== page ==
, Salem, MA

September 21, 2012

Column: A new way to teach math

Nancy McLaughlin
The Salem News

---- — Adopted by 44 states including Massachusetts, the Common Core State Standards for Mathematics (CCSS-M) was created to ensure that all students in grades K-12 are college- and career-ready in mathematics. The Salem Public Schools are gearing up for full implementation of the CCSS-M in the 2012-2013 school year. The Framework for 21st Century Learning and CCSS align and support each other.

The new Massachusetts Curriculum Framework, a subset of the CCSS-M, was distributed to every Salem teacher in grades PreK-12 last September. Page four of the introduction states: “These standards are not intended to be new names for old ways of doing business. They are a call to take the next step. It is time for states to work together to build on lessons learned from two decades of standards-based reforms. It is time to recognize that standards are not just promises to our children, but promises we intend to keep.”

The CCSS-M includes eight Standards for Mathematical Practice (SMPs). These eight practice standards describe the varieties of math practices that math teachers will seek to develop in their students. These are the habits of mind employed by proficient users of mathematics. These standards focus on what it means to do mathematics and will help to support our students to be math learners and thinkers in ways that will serve them K-12 and beyond.

Some examples of the standards: SMP2 (reason abstractly and quantitatively) is making sense of real-world problems and attending to the meaning of quantities and units, not just how to compute them. SMP7 (look for and make use of structure) is stepping back for an overview of the mathematics: if you multiply 42 by 5 you may easily break apart the 42 and multiply each part (40 + 2) by the 5. Students often use visual arrays to picture what is happening when they multiply.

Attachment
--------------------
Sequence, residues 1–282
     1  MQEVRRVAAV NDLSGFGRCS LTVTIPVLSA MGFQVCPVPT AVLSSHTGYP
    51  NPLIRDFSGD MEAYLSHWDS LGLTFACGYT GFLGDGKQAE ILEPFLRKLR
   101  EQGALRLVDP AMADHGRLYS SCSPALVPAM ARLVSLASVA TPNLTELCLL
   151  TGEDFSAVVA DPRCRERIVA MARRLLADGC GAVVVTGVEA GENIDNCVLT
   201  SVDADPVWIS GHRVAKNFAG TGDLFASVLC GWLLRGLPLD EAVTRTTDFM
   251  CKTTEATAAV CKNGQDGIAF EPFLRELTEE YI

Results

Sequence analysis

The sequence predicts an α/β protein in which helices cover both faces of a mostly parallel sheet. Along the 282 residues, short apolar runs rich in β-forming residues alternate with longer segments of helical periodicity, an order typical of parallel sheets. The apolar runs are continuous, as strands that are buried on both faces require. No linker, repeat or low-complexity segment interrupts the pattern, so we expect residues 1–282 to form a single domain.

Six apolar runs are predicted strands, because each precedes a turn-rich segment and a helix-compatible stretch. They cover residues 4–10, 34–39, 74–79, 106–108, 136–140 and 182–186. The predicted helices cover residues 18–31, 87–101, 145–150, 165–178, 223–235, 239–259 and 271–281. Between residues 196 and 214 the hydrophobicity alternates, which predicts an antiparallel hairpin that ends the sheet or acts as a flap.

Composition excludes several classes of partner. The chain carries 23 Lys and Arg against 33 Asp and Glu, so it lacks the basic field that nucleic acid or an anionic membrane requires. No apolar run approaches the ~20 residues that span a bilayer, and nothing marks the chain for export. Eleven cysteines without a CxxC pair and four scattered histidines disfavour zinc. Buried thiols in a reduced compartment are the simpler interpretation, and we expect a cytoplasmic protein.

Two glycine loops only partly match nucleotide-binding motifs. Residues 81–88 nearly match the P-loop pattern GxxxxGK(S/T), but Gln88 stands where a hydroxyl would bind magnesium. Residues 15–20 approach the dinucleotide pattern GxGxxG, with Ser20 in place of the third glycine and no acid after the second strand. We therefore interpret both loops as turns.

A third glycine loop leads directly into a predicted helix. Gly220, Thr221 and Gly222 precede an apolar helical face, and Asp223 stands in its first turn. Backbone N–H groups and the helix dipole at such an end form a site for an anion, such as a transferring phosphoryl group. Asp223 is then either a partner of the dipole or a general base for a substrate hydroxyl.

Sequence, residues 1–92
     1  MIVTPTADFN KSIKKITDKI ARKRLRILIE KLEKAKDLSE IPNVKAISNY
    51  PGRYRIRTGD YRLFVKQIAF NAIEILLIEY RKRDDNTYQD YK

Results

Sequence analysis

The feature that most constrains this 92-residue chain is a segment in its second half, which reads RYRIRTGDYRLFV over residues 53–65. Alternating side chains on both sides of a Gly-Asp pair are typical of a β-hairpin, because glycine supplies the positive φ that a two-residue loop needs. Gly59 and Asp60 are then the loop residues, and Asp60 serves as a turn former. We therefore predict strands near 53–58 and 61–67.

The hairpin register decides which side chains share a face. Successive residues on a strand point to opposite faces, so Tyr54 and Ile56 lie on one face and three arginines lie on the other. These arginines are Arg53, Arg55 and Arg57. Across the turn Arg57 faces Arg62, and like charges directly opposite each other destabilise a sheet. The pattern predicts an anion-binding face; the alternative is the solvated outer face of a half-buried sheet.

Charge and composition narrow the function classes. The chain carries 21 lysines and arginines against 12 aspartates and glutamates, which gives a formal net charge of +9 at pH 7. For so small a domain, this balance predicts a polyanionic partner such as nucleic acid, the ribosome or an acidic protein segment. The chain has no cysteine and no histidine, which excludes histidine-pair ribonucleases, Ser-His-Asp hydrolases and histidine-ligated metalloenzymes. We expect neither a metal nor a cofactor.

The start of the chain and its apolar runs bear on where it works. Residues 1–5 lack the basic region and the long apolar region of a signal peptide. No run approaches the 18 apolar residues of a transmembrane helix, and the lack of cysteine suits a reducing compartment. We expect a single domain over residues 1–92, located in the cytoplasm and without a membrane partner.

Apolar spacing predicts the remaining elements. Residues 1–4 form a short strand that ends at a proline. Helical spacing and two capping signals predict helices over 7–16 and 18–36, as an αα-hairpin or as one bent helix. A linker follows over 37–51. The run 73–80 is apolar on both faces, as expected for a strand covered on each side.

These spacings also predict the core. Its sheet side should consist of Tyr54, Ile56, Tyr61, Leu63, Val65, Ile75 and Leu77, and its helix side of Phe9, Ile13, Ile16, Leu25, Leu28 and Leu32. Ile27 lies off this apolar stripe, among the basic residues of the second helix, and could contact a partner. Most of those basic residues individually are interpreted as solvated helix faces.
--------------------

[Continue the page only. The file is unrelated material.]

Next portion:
SMP8 (look for and express regularity in repeated reasoning) is looking for efficient methods to solve problems, paying attention to patterns in calculations (e.g. 30 + 53 = 33 + 50) and checking on the reasonableness of intermediate results. These practices can bring reasoning and coherence to standard topics in elementary, middle and high school.

The first step toward applying statewide initiative for mathematics is the Salem Public Schools’ Scope Sequence and Pacing guide. This curriculum map will inform each grade level which standards will begin the year, along with pacing the remainder of school year. This curriculum pacing will be posted to an online site and will guide each math teacher toward common curriculum and instruction.

The second step toward insuring faithful implementation of state-mandated standards-based instruction is assessment. Assessment is a major component of the learning process. In 2012, the Salem Public Schools administered standards-based math assessments to all students in grades K-8. This common assessment helped our teachers use data to improve instruction and to provide accessibility support to student groups. This year, Salem will be using a new assessment tool from Achievement Network. “ANet” will be our partner in promoting accountability to boost mathematics achievement.

The new Common Core mathematics standards are a balance of understanding, fluency and applications of mathematics. Our collective goal is to make certain that every student, every teacher, and every parent/guardian is aware of the importance of mathematics in solving everyday problems.

We not only call students to be fluent with mathematic facts and the properties of operations, but we also want students to be able to apply what they are learning to solve practical problems in the real world.

Watch for upcoming opportunities for parents and guardians to attend two-hour sessions to acquaint you with the mathematics every child is learning. If you would like to discuss any aspect of mathematics learning and teaching, please feel free to contact me. My contact information can be found on the Salem Public Schools’ website ( or call 978-825-3607.

Please join us as we foster enthusiasm, excitement and a love of mathematics!


Nancy McLaughlin is the Salem Public Schools’ director of mathematics, K-8. This is one in a regular series of columns from the Community Advisory Board for the Salem schools.